Reporter 411, 1 December 1997


Team of University ‘smart’ scientists raise Alzheimer’s hope

A series of chance discoveries launched a team of University scientists down a path that could eventually lead to a cure for Alzheimer’s disease. The research also has potential for a wide range of other medical and industrial uses, from healing wounds to sealing cracks in oil wells.

To support this work within the Centre for Self-Organising Molecular Systems (SOMS), Dr Amalia Aggeli has been awarded a four-year Royal Society/BP Dorothy Hodgkin Fellowship. She said the key to recent breakthroughs was the inter-disciplinary nature of the centre, where polymer physicists, biochemists, organic chemists, structural biologists, mathematicians, and those involved in medicine and food science all work together.

“We have just stumbled on the whole project really,” said Dr Aggeli, who is a molecular scientist. “But it only happened because of the inter-disciplinary environment, where people are aware of different things.”

It was by chance, for example, that she noticed how polymers created in the laboratory could form into gel. That might mean that a drug could be contained in the gel and delivered to the right part of the body, where a chemical command could turn the gel back into liquid and release the drug. Oil companies are interested in the findings because engineers could send a liquid into the fissures of an oil well and command it to set and plug any leaks.

Working as part of a team with SOMS director Professor Neville Boden, Polymer Physics Professor Tom McLeish, and Dr Sheena Radford from Biochemistry, Dr Aggeli developed self-assembling peptides. These ‘molecular tapes’ can be designed to recognise and stick to different surfaces. Such ‘smart polymers’, fully biodegradable and biocompatible, could lead to new ways of repairing skin and bone.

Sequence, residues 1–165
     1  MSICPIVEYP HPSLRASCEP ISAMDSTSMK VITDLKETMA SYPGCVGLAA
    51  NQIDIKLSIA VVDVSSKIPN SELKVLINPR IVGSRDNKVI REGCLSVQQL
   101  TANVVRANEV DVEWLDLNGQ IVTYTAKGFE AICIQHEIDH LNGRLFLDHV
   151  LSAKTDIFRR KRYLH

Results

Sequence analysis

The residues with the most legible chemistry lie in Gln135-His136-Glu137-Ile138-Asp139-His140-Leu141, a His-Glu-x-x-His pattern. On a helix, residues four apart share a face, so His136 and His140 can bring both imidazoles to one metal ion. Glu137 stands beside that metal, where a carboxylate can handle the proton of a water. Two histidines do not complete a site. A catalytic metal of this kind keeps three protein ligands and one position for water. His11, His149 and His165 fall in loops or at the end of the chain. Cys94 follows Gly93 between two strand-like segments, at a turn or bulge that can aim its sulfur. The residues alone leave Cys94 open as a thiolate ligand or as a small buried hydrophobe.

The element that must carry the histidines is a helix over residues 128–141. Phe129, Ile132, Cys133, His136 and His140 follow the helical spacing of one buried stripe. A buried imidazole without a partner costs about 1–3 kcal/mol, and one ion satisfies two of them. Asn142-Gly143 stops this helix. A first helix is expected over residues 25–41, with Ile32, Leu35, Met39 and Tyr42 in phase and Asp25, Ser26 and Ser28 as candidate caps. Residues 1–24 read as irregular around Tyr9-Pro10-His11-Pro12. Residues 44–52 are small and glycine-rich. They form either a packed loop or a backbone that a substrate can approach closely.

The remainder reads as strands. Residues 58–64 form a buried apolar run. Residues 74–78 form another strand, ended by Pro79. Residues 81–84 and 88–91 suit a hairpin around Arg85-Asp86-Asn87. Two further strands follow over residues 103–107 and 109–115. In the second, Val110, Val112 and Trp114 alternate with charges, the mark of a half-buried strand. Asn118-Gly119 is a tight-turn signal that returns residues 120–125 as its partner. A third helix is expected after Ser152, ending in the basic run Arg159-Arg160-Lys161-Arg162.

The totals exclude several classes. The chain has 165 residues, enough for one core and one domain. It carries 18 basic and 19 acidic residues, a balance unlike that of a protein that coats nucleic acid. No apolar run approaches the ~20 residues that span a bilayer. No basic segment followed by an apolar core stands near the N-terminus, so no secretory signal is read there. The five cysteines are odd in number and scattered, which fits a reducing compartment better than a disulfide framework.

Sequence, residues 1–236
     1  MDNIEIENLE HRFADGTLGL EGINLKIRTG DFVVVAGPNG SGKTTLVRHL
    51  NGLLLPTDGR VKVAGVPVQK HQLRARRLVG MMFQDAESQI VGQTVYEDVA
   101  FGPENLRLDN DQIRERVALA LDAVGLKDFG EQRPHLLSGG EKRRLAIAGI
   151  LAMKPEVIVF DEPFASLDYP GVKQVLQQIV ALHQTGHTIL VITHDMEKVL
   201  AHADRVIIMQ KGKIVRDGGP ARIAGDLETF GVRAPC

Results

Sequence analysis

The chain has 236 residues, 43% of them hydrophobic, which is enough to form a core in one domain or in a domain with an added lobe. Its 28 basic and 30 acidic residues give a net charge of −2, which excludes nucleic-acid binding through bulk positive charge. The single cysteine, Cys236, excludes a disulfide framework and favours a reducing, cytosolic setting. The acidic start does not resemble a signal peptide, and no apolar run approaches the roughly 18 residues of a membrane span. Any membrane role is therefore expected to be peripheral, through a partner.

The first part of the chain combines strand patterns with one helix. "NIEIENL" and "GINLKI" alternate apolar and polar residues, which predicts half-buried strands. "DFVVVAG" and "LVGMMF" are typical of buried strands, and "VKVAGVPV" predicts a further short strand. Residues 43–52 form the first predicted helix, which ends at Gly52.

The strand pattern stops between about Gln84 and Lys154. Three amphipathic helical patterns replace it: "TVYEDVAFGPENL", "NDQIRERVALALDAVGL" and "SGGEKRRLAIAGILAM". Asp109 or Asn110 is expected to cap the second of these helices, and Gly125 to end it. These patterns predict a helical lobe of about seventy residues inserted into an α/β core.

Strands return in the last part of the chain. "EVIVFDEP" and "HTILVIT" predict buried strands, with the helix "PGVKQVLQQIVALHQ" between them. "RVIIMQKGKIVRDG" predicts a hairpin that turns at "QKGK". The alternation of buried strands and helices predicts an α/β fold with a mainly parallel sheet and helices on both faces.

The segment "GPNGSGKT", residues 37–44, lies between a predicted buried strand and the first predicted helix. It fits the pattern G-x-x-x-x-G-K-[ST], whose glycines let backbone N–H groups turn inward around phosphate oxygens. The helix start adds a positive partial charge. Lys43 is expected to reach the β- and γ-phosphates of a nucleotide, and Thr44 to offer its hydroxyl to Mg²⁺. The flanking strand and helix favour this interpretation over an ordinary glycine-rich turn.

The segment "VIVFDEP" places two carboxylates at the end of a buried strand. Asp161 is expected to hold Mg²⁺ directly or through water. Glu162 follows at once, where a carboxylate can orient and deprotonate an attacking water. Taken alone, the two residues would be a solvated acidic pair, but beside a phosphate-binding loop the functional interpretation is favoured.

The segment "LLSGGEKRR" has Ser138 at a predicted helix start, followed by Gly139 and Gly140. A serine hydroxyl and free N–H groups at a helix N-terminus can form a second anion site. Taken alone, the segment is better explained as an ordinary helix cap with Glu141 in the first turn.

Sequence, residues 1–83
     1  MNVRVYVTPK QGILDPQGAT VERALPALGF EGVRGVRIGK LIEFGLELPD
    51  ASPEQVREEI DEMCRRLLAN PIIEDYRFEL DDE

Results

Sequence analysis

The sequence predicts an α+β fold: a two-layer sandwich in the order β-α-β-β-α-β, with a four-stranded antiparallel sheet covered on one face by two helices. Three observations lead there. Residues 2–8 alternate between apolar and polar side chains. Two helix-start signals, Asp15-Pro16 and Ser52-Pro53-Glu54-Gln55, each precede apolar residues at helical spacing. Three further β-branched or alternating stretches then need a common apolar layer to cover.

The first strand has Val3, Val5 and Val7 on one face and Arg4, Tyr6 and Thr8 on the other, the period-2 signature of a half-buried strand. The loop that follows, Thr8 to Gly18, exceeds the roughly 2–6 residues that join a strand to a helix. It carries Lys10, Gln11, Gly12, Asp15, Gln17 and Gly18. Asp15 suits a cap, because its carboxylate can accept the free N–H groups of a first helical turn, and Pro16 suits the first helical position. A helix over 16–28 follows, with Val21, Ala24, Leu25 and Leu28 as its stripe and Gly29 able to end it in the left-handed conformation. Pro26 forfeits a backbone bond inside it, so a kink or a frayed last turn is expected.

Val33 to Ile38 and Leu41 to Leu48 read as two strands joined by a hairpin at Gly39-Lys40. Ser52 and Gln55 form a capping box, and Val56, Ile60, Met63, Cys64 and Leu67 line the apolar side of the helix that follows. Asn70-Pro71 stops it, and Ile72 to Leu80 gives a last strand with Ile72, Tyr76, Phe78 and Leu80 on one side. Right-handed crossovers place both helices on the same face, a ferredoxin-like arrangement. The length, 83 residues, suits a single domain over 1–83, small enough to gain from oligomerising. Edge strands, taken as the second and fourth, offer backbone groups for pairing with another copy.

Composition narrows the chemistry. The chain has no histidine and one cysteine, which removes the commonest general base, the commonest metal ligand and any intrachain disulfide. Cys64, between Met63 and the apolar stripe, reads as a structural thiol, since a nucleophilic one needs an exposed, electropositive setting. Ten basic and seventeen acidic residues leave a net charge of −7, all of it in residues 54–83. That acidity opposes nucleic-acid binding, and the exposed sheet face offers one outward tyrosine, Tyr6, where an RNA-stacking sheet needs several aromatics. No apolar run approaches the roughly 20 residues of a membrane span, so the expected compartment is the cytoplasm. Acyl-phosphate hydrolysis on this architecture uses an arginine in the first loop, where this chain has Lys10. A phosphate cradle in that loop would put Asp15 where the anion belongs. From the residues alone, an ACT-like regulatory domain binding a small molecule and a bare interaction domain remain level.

This week Dr Aggeli is in Japan to present a paper on this project at the first international peptide symposium.

The centre’s most recent (as yet unpublished) findings are that the self-assembling peptides created in the laboratory have a tendency to twist around each other like a rope – thereby replicating a condition found in people suffering from Alzheimer’s and Parkinson’s diseases.

Once again, this similarity was a chance observation rather than something the team set out to look for. A key ingredient was a theoretical model for the strange self-assembly by Drs. Sasha Semenov and Irena Nyrkova in Applied Mathematics/Physics. It is early days, but the news raises hope of an eventual cure.

“We believe we can use this information to discover the forces that give rise to these abnormal structures, which interfere with the body and make people behave in crazy ways,” explained Dr Aggeli.

“We intend to find out how to destabilise the rope-like structures as a possible way of curing Alzheimer’s. For me, science has to have some practical application. This has all happened so quickly and it’s very exciting. I was in the lab until 3am yesterday.”

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